More like this, please.
It’s a sad truth that most people never see the majority of movies programmed at film festivals. Whether it’s Sundance, Toronto, Miami, Chicago or anywhere else, the kinds of films that play there aren’t the ones that are going to get 12 showtimes a day at the multiplex. In most cases even if the film gets sold to a streaming service, the marketing campaigns aren’t substantive or aggressive enough to break through the media clutter. Breakouts happen, but not often enough, and every year seems to bring at least one story of a title a studio paid tens of millions of dollars for only to see it die at the box office eight months later.
That reality is a shame because while there are certainly legitimate clunkers in most mixes, most of these movies deserve to be seen, at least by a wider audience than the handful of critics and journalists who are able to attend those festivals.
This year the calculous was altered when most every festival after Sundance in January was cancelled because of the emerging Covid-19 pandemic. Without a venue to share their dream projects, many independent filmmakers were left dangling without the big platform they were counting on to get their movies into the public conversation.
Today Amazon and SXSW announced a program whereby those filmmakers can opt to have their films added to a virtual festival that will be streamed for 10 days on Prime Video. Festival organizers had already signed a separate deal to stream some of the short features meant to be in competition on MailChimp’s platform.
In today’s announcement, various executives are quoted as saying how excited they are to be bringing these movies to audiences, that the films deserve to be seen by people who would otherwise not have had the chance.
That sentiment is wonderful and shows a willingness to help solve a problem that had emerged that was potentially devastating to the budding careers of many filmmakers.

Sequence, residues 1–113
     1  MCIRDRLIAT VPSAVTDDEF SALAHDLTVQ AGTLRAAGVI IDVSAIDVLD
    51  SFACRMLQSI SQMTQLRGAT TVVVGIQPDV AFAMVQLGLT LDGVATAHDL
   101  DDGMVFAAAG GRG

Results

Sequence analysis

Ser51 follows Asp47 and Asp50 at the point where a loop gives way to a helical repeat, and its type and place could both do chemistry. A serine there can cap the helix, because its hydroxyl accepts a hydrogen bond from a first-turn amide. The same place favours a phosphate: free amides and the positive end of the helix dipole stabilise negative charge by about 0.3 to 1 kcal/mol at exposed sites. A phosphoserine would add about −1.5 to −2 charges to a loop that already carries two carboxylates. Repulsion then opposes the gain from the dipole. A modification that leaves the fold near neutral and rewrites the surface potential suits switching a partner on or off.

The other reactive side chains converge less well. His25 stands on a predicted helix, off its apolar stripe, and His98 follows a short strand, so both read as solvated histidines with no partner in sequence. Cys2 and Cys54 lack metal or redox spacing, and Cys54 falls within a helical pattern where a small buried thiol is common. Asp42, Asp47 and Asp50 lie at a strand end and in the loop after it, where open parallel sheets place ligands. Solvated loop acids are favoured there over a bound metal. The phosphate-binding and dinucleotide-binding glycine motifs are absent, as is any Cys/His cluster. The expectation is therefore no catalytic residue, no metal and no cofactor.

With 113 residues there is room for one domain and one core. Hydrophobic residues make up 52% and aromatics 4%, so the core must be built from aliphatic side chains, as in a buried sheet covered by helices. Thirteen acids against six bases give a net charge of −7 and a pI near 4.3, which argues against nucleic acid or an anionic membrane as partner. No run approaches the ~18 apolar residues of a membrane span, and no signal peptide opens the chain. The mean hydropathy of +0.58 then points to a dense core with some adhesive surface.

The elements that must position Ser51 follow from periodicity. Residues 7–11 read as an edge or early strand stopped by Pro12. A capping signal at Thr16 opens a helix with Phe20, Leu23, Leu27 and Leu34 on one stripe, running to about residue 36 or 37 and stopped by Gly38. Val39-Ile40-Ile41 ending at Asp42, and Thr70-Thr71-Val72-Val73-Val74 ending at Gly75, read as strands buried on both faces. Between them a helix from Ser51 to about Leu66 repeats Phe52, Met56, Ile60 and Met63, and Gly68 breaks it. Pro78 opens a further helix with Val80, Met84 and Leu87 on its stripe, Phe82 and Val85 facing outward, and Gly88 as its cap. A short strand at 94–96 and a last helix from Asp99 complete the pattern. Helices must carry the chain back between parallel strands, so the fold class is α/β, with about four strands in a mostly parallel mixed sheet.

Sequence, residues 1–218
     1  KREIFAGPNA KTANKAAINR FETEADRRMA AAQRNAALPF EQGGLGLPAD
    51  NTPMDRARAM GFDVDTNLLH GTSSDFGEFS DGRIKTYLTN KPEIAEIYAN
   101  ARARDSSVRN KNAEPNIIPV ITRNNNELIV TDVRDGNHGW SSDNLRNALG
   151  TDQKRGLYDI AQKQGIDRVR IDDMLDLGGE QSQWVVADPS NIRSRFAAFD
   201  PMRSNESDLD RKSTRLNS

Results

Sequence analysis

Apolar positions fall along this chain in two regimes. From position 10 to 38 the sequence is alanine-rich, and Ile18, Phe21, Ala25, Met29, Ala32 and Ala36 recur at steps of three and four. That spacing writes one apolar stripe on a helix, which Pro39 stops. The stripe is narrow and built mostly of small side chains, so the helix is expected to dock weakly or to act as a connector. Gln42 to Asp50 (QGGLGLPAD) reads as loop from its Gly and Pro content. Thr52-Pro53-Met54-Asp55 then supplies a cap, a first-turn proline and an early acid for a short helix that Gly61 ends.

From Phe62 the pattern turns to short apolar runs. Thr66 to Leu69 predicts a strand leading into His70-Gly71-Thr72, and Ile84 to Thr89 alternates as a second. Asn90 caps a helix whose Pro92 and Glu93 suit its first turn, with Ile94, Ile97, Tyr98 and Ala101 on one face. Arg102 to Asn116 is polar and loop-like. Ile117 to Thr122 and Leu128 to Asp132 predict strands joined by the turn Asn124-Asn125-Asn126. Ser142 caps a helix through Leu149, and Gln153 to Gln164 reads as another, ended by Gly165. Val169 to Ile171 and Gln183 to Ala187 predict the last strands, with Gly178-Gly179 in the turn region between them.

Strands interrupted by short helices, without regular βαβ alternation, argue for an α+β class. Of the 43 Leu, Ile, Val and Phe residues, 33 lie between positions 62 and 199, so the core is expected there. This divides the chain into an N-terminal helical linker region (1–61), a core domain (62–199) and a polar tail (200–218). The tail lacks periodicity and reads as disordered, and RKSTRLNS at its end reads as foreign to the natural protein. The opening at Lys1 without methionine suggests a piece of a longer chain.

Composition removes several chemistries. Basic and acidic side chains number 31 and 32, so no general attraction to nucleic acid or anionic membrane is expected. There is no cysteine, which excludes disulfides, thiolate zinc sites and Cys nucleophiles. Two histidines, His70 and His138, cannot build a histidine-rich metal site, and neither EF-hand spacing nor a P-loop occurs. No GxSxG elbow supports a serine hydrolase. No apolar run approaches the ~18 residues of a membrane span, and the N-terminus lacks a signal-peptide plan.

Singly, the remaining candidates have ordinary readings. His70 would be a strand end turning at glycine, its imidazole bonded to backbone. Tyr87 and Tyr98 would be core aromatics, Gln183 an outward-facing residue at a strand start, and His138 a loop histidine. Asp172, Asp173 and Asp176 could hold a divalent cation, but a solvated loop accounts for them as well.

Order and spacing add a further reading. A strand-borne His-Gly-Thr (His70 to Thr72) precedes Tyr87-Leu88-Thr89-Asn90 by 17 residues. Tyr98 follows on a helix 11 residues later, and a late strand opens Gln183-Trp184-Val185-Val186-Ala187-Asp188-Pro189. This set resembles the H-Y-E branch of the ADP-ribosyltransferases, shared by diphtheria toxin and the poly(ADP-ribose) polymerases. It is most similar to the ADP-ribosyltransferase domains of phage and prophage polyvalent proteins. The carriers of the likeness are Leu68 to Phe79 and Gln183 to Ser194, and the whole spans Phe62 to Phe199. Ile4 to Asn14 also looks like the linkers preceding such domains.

It also blows up the foundational notion on which film festivals are built.
The basic premise of most festivals is that only a select few – those who are deemed worthy by virtue of being part of the press or some other important person – are worthy of seeing them. If you can’t make it to Park City, Telluride or another location and don’t have the proper credentials, you aren’t meant to receive that privilege.
They are exclusionary by definition. That’s how they receive attention and, importantly, make money, by trading on and selling the idea of exclusivity.
Multiple times a year, then, as every festival ramps up and through the weeks afterward, those following entertainment news are told repeatedly about movies they will likely never see. They are reminded that they aren’t worthy of partaking in the artificially created scarcity.
If film festivals, in the age of streaming, were truly committed to connecting worthwhile films with hungry audiences, they would just put them online. Make them available for a month and charge a $15 membership fee. Or find some way to partner with local theaters to screen the movies on a rotating basis for a period of time. If these are available only for a limited time, it might not significantly hurt their potential to find an audience later. And if it keeps acquisition prices more reasonable, that’s a win for the studios. Finally, they come out of these periods with much broader awareness and word of mouth already baked into the market then they currently do.
Basically, there are options. But protecting the business model of the film festival, one that seems ripe for the kind of disruption that has roiled every other industry, is more important.
I will fully take advantage of the Amazon/SXSW partnership, don’t get me wrong. It’s a great idea, but it’s one that needs to be replicated multiple times a year across a number of sites or platforms and not only when we’re all being told to social distance ourselves from our friends and families as well as the movies we love. Let people see the movies and stop hiding them behind the temple’s veil.